Abstract 9989: Integration of Genetics with Metabolomics Identifies a Novel Gene Associated with Risk of Incident Cardiovascular Events: TRAF3IP2
Background: Despite strong heritability, the genetic architecture of cardiovascular (CV) disease remains incompletely characterized. Plasma metabolite concentrations are heritable and have been associated with risk of CV events. We sought to identify novel genes for CV event risk using metabolic profiles as intermediate phenotypes.
Methods: From a genome-wide association study of multiple metabolites performed in the KORA population, we selected a single nucleotide polymorphism (SNP; rs174399, located in the intronic region of TRAF3IP2) strongly associated with short-chain dicarboxylacylcarnitine levels (metabolites that predict CV events). We genotyped this SNP in 3404 patients presenting for cardiac catheterization who also had quantification of 60 metabolites using mass-spectroscopy. Association between the SNP and short-chain dicarboxylacylcarnitine levels was tested using linear regression. Its association with CV events (death/MI) over a median of 5.4 years follow-up was tested using multivariable Cox proportional hazards regression adjusted for 11 clinical variables.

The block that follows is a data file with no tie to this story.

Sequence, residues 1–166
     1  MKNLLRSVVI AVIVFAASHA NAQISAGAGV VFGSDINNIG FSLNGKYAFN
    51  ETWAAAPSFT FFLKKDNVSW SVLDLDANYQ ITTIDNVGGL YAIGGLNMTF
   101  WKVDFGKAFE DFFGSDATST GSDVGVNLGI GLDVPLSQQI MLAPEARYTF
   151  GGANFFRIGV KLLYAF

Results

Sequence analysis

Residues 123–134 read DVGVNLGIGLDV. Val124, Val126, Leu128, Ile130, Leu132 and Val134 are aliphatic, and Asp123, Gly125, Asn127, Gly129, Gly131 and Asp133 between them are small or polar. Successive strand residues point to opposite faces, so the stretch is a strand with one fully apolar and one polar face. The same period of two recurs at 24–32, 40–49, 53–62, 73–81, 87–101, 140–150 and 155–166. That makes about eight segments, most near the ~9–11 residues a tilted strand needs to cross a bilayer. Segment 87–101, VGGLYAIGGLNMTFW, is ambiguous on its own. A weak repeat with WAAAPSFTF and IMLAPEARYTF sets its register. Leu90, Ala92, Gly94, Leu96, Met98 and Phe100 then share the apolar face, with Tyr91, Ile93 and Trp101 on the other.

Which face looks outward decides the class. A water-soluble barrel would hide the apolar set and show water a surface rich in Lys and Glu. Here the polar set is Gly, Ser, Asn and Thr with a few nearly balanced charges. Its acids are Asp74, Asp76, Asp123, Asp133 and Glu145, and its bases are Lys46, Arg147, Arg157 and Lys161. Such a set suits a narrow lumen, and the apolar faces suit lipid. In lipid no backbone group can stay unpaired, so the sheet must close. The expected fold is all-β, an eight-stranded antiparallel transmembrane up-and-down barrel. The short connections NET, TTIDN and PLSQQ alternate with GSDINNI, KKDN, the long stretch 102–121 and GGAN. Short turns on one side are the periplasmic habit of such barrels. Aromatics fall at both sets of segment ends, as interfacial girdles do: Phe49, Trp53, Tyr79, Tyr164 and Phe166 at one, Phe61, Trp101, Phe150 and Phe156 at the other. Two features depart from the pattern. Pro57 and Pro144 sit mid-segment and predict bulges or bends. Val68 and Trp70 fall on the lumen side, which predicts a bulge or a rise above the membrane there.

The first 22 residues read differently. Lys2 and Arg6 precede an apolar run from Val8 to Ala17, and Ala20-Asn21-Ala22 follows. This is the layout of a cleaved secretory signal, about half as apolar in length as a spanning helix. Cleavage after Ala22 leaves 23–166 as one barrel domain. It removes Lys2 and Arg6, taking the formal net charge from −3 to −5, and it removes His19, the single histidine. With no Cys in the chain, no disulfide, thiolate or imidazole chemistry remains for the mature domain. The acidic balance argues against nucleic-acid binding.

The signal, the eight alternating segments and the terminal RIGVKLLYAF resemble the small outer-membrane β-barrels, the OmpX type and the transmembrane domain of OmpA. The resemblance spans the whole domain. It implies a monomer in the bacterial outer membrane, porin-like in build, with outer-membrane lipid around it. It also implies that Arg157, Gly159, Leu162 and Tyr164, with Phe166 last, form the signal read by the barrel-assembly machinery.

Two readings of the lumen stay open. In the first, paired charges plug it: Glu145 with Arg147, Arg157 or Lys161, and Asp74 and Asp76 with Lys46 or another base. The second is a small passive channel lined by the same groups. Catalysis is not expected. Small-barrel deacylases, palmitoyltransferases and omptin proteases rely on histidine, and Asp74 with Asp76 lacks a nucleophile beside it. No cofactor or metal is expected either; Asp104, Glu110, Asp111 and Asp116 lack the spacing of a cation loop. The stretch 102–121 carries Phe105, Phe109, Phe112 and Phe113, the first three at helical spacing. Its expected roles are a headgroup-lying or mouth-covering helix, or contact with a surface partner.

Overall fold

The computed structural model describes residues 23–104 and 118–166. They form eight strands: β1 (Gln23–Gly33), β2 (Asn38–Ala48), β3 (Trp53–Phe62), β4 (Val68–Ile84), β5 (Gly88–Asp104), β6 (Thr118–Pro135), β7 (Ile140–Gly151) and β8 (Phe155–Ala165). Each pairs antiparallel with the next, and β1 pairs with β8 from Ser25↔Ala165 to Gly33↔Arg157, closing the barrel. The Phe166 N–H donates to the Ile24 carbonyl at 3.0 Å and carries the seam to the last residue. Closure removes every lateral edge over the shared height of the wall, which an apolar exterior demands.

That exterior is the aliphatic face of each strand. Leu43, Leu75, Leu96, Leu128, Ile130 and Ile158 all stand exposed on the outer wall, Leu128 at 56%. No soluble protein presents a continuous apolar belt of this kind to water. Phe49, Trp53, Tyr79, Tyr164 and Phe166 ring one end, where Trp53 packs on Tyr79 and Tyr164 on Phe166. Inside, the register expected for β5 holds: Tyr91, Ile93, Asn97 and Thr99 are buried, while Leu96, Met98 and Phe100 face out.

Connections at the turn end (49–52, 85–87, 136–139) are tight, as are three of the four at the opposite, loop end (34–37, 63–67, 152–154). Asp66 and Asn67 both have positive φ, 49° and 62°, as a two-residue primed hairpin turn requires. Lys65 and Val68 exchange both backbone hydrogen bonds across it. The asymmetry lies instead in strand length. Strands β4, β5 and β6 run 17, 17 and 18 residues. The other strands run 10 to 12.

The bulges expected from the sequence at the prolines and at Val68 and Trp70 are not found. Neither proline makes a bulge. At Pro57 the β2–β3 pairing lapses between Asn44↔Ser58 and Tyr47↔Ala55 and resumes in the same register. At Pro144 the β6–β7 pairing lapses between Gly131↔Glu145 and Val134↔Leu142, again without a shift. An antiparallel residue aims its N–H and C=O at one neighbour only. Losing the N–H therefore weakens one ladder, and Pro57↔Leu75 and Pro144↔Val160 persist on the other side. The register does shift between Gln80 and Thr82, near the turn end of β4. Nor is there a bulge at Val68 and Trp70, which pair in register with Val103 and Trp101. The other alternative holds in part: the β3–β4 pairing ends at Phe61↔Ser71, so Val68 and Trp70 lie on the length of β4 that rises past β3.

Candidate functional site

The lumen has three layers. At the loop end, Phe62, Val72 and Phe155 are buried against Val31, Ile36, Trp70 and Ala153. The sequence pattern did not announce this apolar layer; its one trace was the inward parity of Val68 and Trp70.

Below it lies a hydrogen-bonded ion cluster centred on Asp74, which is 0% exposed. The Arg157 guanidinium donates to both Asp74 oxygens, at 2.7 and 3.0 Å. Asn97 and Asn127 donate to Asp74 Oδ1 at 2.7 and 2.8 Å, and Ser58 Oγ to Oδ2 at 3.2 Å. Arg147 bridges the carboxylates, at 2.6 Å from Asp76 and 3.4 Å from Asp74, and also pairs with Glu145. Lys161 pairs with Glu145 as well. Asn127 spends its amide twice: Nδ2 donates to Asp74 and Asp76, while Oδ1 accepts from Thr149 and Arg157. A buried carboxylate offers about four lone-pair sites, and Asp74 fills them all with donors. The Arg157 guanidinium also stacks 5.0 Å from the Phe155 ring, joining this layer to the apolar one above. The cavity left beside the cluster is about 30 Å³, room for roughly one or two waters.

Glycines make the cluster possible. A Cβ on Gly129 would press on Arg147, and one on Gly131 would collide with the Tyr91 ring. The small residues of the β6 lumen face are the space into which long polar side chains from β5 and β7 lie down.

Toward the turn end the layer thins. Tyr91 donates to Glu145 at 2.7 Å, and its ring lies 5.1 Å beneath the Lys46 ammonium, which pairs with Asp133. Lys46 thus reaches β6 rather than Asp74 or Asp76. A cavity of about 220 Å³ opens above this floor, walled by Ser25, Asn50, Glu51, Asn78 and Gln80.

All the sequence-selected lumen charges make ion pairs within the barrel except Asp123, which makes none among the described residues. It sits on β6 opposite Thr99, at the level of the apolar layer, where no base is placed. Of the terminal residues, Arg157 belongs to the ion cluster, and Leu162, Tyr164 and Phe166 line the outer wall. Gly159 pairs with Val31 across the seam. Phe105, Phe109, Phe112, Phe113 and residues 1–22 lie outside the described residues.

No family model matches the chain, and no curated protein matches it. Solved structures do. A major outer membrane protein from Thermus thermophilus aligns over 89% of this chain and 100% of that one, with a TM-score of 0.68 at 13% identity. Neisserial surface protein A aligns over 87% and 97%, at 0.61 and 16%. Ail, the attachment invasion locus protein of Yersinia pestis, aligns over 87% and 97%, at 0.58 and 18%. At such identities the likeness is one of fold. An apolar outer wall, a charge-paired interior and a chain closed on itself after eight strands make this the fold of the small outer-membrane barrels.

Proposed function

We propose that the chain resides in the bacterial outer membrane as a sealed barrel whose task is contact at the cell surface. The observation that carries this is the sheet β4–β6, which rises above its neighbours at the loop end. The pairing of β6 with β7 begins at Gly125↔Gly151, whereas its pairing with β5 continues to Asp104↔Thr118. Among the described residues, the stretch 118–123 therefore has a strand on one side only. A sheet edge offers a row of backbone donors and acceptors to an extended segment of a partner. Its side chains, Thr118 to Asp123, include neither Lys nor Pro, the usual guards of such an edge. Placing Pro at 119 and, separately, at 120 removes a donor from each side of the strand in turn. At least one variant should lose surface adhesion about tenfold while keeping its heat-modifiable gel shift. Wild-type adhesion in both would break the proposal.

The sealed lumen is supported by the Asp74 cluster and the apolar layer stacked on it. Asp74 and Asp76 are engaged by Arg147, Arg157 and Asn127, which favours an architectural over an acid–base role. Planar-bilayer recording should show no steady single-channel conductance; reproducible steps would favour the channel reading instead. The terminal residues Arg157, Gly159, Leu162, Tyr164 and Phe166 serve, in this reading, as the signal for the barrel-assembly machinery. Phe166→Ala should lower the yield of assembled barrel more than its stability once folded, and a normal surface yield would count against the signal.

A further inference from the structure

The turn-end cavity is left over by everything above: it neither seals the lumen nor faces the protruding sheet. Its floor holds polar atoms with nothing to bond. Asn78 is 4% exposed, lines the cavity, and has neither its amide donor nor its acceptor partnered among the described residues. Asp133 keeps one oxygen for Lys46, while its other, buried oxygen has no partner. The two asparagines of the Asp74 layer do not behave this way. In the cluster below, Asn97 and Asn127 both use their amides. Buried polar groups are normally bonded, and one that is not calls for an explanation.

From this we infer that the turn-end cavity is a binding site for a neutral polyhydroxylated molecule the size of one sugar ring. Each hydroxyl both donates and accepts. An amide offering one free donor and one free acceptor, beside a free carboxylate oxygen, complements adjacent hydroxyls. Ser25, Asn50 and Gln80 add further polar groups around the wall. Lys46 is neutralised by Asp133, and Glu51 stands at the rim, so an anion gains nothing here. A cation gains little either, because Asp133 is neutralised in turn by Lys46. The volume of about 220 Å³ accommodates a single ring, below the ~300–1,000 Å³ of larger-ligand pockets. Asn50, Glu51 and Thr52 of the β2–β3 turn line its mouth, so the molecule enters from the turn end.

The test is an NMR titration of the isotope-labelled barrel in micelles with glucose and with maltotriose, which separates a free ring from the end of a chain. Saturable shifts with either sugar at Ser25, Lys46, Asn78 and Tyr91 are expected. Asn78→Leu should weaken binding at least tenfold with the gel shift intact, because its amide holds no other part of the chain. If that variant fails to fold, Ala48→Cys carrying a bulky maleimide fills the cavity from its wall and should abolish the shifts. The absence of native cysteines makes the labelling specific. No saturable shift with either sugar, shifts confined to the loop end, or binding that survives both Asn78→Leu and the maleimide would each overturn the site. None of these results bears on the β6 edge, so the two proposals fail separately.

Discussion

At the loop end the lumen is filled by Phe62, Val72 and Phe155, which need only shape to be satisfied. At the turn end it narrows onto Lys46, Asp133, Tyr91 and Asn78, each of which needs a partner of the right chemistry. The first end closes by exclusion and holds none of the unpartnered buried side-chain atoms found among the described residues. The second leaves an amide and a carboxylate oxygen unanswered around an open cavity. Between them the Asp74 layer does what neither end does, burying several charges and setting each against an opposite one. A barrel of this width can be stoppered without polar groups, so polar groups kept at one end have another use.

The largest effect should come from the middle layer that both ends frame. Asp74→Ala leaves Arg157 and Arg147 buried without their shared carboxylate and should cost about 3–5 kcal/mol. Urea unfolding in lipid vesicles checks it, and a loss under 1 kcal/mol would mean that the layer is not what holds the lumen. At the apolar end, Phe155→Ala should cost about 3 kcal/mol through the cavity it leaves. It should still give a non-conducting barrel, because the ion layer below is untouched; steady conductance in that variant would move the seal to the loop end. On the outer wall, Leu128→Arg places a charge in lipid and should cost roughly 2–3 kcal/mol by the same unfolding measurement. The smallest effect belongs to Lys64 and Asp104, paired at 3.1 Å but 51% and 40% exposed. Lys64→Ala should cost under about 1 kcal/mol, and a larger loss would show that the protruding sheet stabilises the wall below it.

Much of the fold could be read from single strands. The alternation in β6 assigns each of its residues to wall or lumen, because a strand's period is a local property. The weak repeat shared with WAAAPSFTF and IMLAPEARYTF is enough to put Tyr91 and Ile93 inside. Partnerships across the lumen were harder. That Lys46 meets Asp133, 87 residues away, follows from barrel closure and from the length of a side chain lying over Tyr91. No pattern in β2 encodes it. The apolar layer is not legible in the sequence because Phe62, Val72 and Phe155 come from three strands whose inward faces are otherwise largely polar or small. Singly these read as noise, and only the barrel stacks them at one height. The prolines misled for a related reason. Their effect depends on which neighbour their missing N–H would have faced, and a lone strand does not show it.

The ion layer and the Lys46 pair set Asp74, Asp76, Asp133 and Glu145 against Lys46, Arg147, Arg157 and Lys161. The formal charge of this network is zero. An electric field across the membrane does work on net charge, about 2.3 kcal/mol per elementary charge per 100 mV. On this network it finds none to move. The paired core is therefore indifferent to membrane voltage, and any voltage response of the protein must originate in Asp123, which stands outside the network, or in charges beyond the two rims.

Results: The association of rs174399 (T/C) with levels of the short-chain dicarboxylacylcarnitine C5-DC validated in our cohort (dominant P=0.01; additive P=0.03), but the association with C6-DC was not (dominant P=0.11; additive P=0.19). Rs174399 was also associated with values of a principal components analysis-derived metabolic factor consisting of multiple short-chain dicarboxylacylcarnitines (dominant P=0.01; additive P=0.08). The minor allele, C, was associated with higher concentrations of both C5-DC and values of the short-chain dicarboxylacylcarnitine factor. It was also associated with greater risk of death or MI (HR 1.17, [1.05-1.31], P=0.006) and death alone (HR 1.15 [1.02-1.30], P=0.03).
Conclusions: Integrating genetics with metabolomics in a large CV study, we have identified a novel gene that predicts risk of CV events. This gene which encodes TRAF3 interacting protein 2, a protein involved in regulating responses to cytokines by members of the Rel/NF-kappaB transcription factor family, may serve as a good biological candidate to mediate CV risk through a metabolic pathway reported on by short-chain dicarboxylacylcarnitines.
- © 2011 by American Heart Association, Inc.